Application Reputation

Bruce Morton

Social-engineering attacks are more common than attacks on security vulnerabilities. Traditional defense against malware is a URL-based filter to screen out known malware websites. Microsoft introduced a new defense called Application Reputation that is available in Internet Explorer 9 (IE9) through the SmartScreen Filter.

Application Reputation allows publishers and their applications to build a reputation over time through these principles:

  • Well known “good” applications have a better reputation than new applications
  • Well known “good” publishers have a better reputation than unknown publishers
  • New applications signed by known “good” publishers can have a relatively high reputation from first release

Reputation can be built for unsigned and signed applications. Signed applications can build reputation at twice the rate of those that are unsigned. Reputation based on signing relies on the identification of the publisher by a trusted certification authority and the issuance of a code-signing certificate. Reputation is built by signing ‘good’ applications, but can be easily lost if the certificate is used to sign malware.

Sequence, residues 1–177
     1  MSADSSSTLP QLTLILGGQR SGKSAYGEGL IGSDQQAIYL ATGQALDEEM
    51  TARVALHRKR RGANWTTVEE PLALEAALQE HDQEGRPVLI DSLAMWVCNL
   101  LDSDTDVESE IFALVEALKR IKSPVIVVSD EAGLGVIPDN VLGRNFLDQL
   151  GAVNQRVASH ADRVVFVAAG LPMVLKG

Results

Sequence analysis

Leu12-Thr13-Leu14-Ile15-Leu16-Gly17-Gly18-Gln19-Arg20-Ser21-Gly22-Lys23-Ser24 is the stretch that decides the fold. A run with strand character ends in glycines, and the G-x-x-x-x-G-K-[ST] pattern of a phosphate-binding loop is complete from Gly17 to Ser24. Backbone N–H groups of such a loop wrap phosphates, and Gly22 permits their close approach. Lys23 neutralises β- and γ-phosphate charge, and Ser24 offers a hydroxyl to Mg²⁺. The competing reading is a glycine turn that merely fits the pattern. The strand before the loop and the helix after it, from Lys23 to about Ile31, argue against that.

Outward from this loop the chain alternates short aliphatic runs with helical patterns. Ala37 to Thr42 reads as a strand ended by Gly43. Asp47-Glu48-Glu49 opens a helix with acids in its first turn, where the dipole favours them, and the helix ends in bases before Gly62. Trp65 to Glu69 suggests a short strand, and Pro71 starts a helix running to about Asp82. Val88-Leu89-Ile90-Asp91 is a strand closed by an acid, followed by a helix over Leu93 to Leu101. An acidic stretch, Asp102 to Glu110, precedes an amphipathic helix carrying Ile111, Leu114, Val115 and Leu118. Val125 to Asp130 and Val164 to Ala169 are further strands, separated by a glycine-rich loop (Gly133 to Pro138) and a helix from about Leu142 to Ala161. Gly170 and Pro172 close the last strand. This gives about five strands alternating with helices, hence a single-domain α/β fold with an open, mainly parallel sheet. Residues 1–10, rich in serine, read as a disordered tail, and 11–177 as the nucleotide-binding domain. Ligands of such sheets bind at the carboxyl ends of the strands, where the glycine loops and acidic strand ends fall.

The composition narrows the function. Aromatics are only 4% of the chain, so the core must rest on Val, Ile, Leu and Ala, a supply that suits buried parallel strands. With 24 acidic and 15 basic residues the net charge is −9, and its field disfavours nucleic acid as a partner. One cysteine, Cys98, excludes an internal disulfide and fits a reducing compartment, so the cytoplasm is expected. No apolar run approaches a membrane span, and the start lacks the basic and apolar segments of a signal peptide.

Traditionally browsers have presented a trust dialogue box for each application download. IE9 with SmartScreen® Filter does not present a trust dialogue, if the application has built a good reputation. The benefit is that applications with good reputations will be installed without the user making a trust decision — they simply choose “Save” or “Run.” This means when IE9 does detect an application with an unknown reputation, the user is not de-sensitized to trust dialogues and will most likely make the right decision.

For more information on Application Reputation, see the following MSDN blog posts:

Bruce Morton
Bruce Morton
Director, Certificate Technology & Standards

Bruce Morton has worked in the public key infrastructure and digital certificate industry for more than 15 years and has focused on SSL and other publicly trusted certificates since 2005. He has been an active member of the CA/Browser Forum that released guidelines for extended validation (EV) certificates and Baseline Requirements for SSL certificates. Bruce oversees the governance and compliance of Entrust’s publicly trusted PKI.


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